Parish Church of Saint Margaret
|Area||8.77 km2 (3.39 sq mi)|
|Population||560 (2001 census)|
|• Density||64/km2 (170/sq mi)|
|OS grid reference|
|• London||34 miles (55 km)|
|Sovereign state||United Kingdom|
Harpsden is a rural and semi-rural village and civil parish immediately south of Henley-on-Thames in South Oxfordshire, Oxfordshire, England. Its scattered centre is set 0.5 miles (0.80 km) from the east border which is the River Thames, marking a short boundary with Berkshire. The parish extends 5 miles (8.0 km) inland and borders Rotherfield Peppard to the west, that is, next to its main sections of woodland in the southern extreme of the Chiltern Hills including an SSSI area of ancient woodland. The village has neither railway station nor shops, but has the main road from Reading to Henley, both of which have grown substantially since World War II into centres of trade, education and general meeting places, such as by their increased number of cafés and restaurants.
In the 11th century during the reign of King Edward the Confessor the manor of Harpsden belonged to Wigod, the thegn of Wallingford. After the Norman conquest of England Harpsden became part of the Honour of Wallingford.
The Church of England parish church of Saint Margaret was originally late Norman, as evidenced by the piscina, font and a blocked doorway that survive from this period. The current windows in the nave and chancel were inserted in the 14th century, and a stone effigy of a knight dates from the same period. In 1848–54 the Gothic Revival architect Benjamin Ferrey lengthened the nave and added the north aisle and tower. In 1879 the architect Henry Woodyer restored the chancel.
Other notable buildings in the village include the Grade II* listed Harpsden Court: the current house largely dates back to the 17th century, and incorporates elements of the medieval manor house. It was the home of the Hall family until 1855.
Bellehatch Park, about 0.75 miles (1.2 km) southwest of the village, was built early in the 19th century. It is a Georgian neoclassical country house of five bays with a Doric porch and summerhouse. It was the seat of the Liberal politician Cecil Norton, who was created first Baron Rathcreedan in 1916.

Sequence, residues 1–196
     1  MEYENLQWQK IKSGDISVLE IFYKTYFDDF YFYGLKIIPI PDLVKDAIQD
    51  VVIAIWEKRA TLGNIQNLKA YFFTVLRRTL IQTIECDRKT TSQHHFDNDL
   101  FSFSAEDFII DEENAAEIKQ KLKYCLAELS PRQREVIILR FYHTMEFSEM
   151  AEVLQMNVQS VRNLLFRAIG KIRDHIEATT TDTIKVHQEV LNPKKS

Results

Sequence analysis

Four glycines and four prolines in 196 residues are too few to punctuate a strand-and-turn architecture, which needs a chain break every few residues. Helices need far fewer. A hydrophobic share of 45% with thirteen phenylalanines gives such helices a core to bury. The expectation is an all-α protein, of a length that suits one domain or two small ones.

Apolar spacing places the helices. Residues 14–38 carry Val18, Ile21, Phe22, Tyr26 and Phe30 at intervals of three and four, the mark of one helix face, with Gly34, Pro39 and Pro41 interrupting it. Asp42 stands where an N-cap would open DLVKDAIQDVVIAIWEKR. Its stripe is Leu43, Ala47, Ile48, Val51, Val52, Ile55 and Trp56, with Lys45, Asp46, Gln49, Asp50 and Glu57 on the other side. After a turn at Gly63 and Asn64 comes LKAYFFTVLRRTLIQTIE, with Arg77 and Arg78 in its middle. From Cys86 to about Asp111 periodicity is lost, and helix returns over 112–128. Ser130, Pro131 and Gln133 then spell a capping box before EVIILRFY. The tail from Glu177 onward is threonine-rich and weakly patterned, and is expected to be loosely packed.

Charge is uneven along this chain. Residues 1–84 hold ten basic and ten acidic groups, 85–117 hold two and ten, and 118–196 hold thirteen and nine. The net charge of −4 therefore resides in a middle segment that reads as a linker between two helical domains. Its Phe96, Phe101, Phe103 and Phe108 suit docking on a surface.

Henley Golf Club is in Harpsden.
Harpsden Cricket Club was founded in 1887 and thus celebrated its 125th anniversary in 2012.
Harpsden was used as a location in the Agatha Christie's Marple episodes "Nemesis" and "By the Pricking of My Thumbs". Harpsden Court has also been used as the set for many films, including Quantum of Solace. 
- "Area: Harpsden CP (Parish): Parish Headcounts". Neighbourhood Statistics. Office for National Statistics. Retrieved 17 March 2010.
- Sherwood & Pevsner, 1974, page 635
- Reynolds, 1962, pages 261–267
- Parish Churches of Shiplake, Dunsden and Harpsden
- Sherwood & Pevsner, 1974, page 634
- "'Rural Parishes: Harpsden', in A History of the County of Oxford: Volume 16, ed. Simon Townley (Woodbridge, Suffolk, 2011), pp. 231-265. British History Online http://www.british-history.ac.uk/vch/oxon/vol16/pp231-265". Retrieved 7 May 2018. External link in
- Natural England: SSSI units for Harpsden Wood
- Henley Golf Club
- Harpsden Cricket Club
- DVDs from "Agatha Christie's Marple, de complete collectie, seizoenen 1-5"
- House Beautiful
Sources and further reading
- Townley, Simon C, ed. (2011). A History of the County of Oxford, Volume 16: Binfield Hundred (Part One): Henley-on-Thames and Environs. Victoria County History. Woodbridge: Boydell and Brewer. ISBN 978-1-904356-38-7.
Media related to Harpsden at Wikimedia Commons